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Sarah McGowan – English Teacher at Foreign Languages Department

Volunteer for Teachers for Vietnam Organization


On a cloudy day, with rain threatening, I can listen to my student more than I do in the classroom. I see the student struggling with what words to express herself with in English, but she is doing better than if we were in a classroom with all of her classmates watching. She is on the brink of tears, but she manages to sputter out her secret. We sit for a long time and look out on the river. I then decide that we should go back to beat the rain but right as we are starting, the rain begins anyway. She is sitting on the back of my bicycle, shielding my eyes so I can see but occasionally covering them as a joke.

The tears are now gone from her eyes, and she is laughing hysterically. She had mentioned to me earlier that she is a bad student and that English is not her passion. Yet, for the entire day, she was speaking English. I was helping her with vocabulary and pronunciation, and she was learning! Would I dare to call this work? No, but I realized that there is a fine line between teacher and friend, and it is crossed a lot. I told my student this. “Oh Sarah, the Vietnamese have a saying for this!” What don’t the Vietnamese have a saying for? I ask myself. I realized that when I am here, I never stop teaching and that is what I love. There is no lesson plan that could even come close to teaching a student what she had accomplished on that day. This is what it means to be a teacher in Vietnam.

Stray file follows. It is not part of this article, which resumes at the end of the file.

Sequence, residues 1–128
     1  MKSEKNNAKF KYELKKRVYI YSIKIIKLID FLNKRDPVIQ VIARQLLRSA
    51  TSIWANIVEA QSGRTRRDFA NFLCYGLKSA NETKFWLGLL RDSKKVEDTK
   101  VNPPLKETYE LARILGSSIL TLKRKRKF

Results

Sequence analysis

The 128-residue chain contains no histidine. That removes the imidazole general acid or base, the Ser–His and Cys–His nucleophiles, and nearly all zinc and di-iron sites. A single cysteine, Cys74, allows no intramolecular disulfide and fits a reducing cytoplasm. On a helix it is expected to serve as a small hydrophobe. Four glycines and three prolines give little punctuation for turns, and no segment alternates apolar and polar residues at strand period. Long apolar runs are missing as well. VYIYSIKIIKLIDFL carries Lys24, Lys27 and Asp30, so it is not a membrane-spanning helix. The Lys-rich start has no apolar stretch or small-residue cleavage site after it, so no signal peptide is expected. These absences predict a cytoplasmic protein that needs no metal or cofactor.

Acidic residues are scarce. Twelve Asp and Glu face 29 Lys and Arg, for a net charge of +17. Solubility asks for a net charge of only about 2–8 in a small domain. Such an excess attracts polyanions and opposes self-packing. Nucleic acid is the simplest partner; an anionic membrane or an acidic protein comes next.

– Sarah McGowan